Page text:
In chemistry, bond energy (E) is the measure of bond strength in a chemical bond. It is the heat required to break one mole of molecules into their individual atoms. For example, the carbon-hydrogen bond energy in methane E(C–H) is the enthalpy change involved with breaking up one molecule of methane into a carbon atom and 4 hydrogen radicals divided by 4.
Bond energy (E) should not be confused with bond-dissociation energy. It is a roughly transferable property, and enthalpy of formation can typically be roughly approximated by simply adding tabulated values for bond energies for all bonds in a molecule, with an error of sometimes just a few percent. However, to get a better approximation is much more difficult.
Bond energy/distance correlation
Bond strength (energy) can be directly related to the bond length/bond distance. Therefore, we can use the metallic radius, ionic radius, or covalent radius of each atom in the molecule to determine the bond strength. For example, the covalent radius of boron is estimated at 83.0 pm, but the bond length of B–B in B2Cl4 is 175 pm, a significantly larger value. This would indicate that the bond between the two boron atoms is a rather weak single bond. In another example, the metallic radius of rhenium is 137.5 pm, with a Re–Re bond length of 224 pm in the compound Re2Cl8. From this data, we can conclude that the bond is a very strong bond or a quadruple bond. This method of determination is most useful for covalently bonded compounds.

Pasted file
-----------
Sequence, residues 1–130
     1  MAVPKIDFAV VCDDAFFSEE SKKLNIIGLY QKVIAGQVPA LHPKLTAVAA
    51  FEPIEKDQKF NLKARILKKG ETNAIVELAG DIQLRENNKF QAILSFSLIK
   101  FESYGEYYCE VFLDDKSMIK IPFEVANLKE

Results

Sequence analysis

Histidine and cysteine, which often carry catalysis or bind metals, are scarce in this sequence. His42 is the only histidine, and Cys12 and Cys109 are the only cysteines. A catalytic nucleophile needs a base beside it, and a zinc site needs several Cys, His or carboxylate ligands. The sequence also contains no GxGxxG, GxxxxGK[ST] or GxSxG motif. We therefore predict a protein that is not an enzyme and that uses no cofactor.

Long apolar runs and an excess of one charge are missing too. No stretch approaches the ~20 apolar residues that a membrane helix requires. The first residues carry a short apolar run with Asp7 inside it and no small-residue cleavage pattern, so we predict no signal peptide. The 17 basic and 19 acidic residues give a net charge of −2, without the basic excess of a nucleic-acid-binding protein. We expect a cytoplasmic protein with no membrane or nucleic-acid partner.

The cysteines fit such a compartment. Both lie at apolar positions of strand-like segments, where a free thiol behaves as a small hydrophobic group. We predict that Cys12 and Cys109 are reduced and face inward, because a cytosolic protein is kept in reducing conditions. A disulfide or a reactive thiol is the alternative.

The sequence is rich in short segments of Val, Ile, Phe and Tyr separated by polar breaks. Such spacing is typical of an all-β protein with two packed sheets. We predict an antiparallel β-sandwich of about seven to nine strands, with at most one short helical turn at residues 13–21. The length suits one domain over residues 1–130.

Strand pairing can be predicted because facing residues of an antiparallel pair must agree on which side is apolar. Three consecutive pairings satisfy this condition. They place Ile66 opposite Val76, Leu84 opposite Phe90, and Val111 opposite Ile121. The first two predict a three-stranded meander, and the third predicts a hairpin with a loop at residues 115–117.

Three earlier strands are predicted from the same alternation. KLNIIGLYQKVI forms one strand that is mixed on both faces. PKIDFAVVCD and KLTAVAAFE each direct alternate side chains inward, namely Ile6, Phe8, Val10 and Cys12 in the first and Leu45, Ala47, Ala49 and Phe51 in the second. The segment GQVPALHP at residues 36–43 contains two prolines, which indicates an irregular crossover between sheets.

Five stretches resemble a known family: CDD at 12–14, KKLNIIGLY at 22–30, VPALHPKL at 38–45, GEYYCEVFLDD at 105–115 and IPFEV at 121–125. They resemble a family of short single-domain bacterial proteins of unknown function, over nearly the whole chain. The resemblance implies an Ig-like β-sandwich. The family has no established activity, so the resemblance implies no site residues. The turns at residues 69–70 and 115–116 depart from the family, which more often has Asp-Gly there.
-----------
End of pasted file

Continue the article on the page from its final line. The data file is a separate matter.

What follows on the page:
Factors affecting ionic bond energy
- ^ Frey, Paul Reheard. College chemistry 3rd Edition Prentice-Hall. 1965 p. 134.
- ^ Handbook of Chemistry & Physics 65th Edition CRC Press ISBN 0-8493-0465-2.
- ^ Alcock, N.W. Bonding and Structure: structural principles in inorganic and organic chemistry Ellis Horwood Ltd., New York. 1990 pp. 40-42.
- Bond Energy. 11 July 2003.